Back in 2000, Sentara Healthcare gambled on a development project with an upstart technology vendor. The vendor, Visicu, needed a beta partner for a remote monitoring system for patients in the intensive care unit. Faced with a looming shortage of intensivists, Sentara signed on.
Now, seven years later, executives at the Norfolk, VA-based hospital system say the technology has exceeded expectations. The “electronic ICU” enables a small team of physicians and nurses to monitor 105 beds in 11 ICU departments across six hospitals up to 120 miles apart. The telemedicine setup does not replace bedside care, nor supplant local creation of treatment plans. It does, however, improve care delivery, resulting in shortened lengths of stay for ICU patients and lower mortality rates. “The eICU adds an additional layer of monitoring and surveillance,” says Gary Yates, MD, chief medical officer. “We can more quickly identify patients who are beginning to deteriorate.”
The eICU’s “command center” is located at Sentara Norfolk General Hospital. Staffed by a standard crew of one physician intensivist, two critical care nurses and one administrative support person, the center serves as a hub for multiple data feeds from the health system’s ICUs, Yates explains. Patient demographics and data from local cardiac monitors and lab and pharmacy systems flow into the Visicu monitoring center. The software can identify changes in a patient’s condition, factoring in diagnosis, lab values and other variables. As they conduct their “virtual rounds,” clinicians in the command center can use the system to view Sentara’s entire ICU census and then analyze individual patient data, which is color-coded to acuity level. The color cues remind clinicians when to check on individuals.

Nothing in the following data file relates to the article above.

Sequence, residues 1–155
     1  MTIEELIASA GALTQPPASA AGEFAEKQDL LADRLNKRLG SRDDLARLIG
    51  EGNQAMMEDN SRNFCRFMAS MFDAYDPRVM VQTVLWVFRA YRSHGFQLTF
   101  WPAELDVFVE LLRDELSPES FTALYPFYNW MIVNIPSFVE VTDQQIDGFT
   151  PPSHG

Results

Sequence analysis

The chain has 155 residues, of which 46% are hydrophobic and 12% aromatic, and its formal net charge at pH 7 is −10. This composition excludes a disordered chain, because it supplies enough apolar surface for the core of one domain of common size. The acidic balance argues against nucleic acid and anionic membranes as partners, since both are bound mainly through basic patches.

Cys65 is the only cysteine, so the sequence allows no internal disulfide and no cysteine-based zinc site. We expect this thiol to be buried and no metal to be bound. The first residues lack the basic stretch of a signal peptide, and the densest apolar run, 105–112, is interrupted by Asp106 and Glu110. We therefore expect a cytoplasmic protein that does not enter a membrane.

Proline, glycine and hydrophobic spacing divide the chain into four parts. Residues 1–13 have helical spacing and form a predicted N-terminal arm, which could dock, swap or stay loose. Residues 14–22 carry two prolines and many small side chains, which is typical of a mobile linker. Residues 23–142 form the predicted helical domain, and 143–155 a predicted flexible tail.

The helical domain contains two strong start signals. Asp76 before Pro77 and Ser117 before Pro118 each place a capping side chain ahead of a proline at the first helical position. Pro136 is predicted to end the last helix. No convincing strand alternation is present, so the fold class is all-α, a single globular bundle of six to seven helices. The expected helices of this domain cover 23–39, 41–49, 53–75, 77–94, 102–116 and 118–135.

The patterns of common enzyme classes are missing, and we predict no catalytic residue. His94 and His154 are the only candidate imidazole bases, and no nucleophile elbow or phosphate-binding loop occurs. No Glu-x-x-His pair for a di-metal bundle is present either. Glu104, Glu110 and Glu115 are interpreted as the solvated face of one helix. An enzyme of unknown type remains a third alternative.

Unlike common ICU alerting technologies, the eICU can monitor data for trends. Rather than just warning that a certain value has been hit, the software identifies patterns and combinations of factors that suggest patients are poised for a downfall. For example, a combination of a certain lab value, medication regimen and blood pressure reading might trigger an alert, which would be acted on by the clinical staff in the eICU, says Kristen Clickner, RN, director of information technology.
The monitoring center runs 19 hours a day, noon to 7 a.m. During the off hours, there are adequate intensivists and other physicians patrolling the various intensive care units, Yates explains. It costs about $2 million annually to run the unit, Yates says, with the majority of the expense going to salaries. But having a small group monitor a large number of patients is a good way to use technology to leverage the skills of clinicians in short supply, he adds.
Initially, some physicians feared the remote monitoring setup would impede the doctor-patient relationship, Yates acknowledges. But as physicians learned how a centralized alerting system can improve care, they accepted the new technology. “You are able to monitor the care plan on a more frequent basis,” he says. “After six years in operation, we still have a 15 percent annual decrease in mortality compared to baseline. More than 100 patients a year leave the remotely monitored ICUs and go home who might not have before.”
The main hurdle in setting up the remote monitoring unit was getting the multiple data feeds to work in harmony, Clickner says. The interface to the medication and lab systems was easier thanks to using HL7 standards, she says, but linking in cardiac monitors was more challenging. The system’s video feed—which lets physicians in the eICU examine a patient if needed—was also difficult to set up. “Typically, the monitors were maintained by clinical engineering,” she says. “Now IT has to get involved if new monitors are ordered. Everyone used to live in their own little world. Now we are sharing.”—Gary Baldwin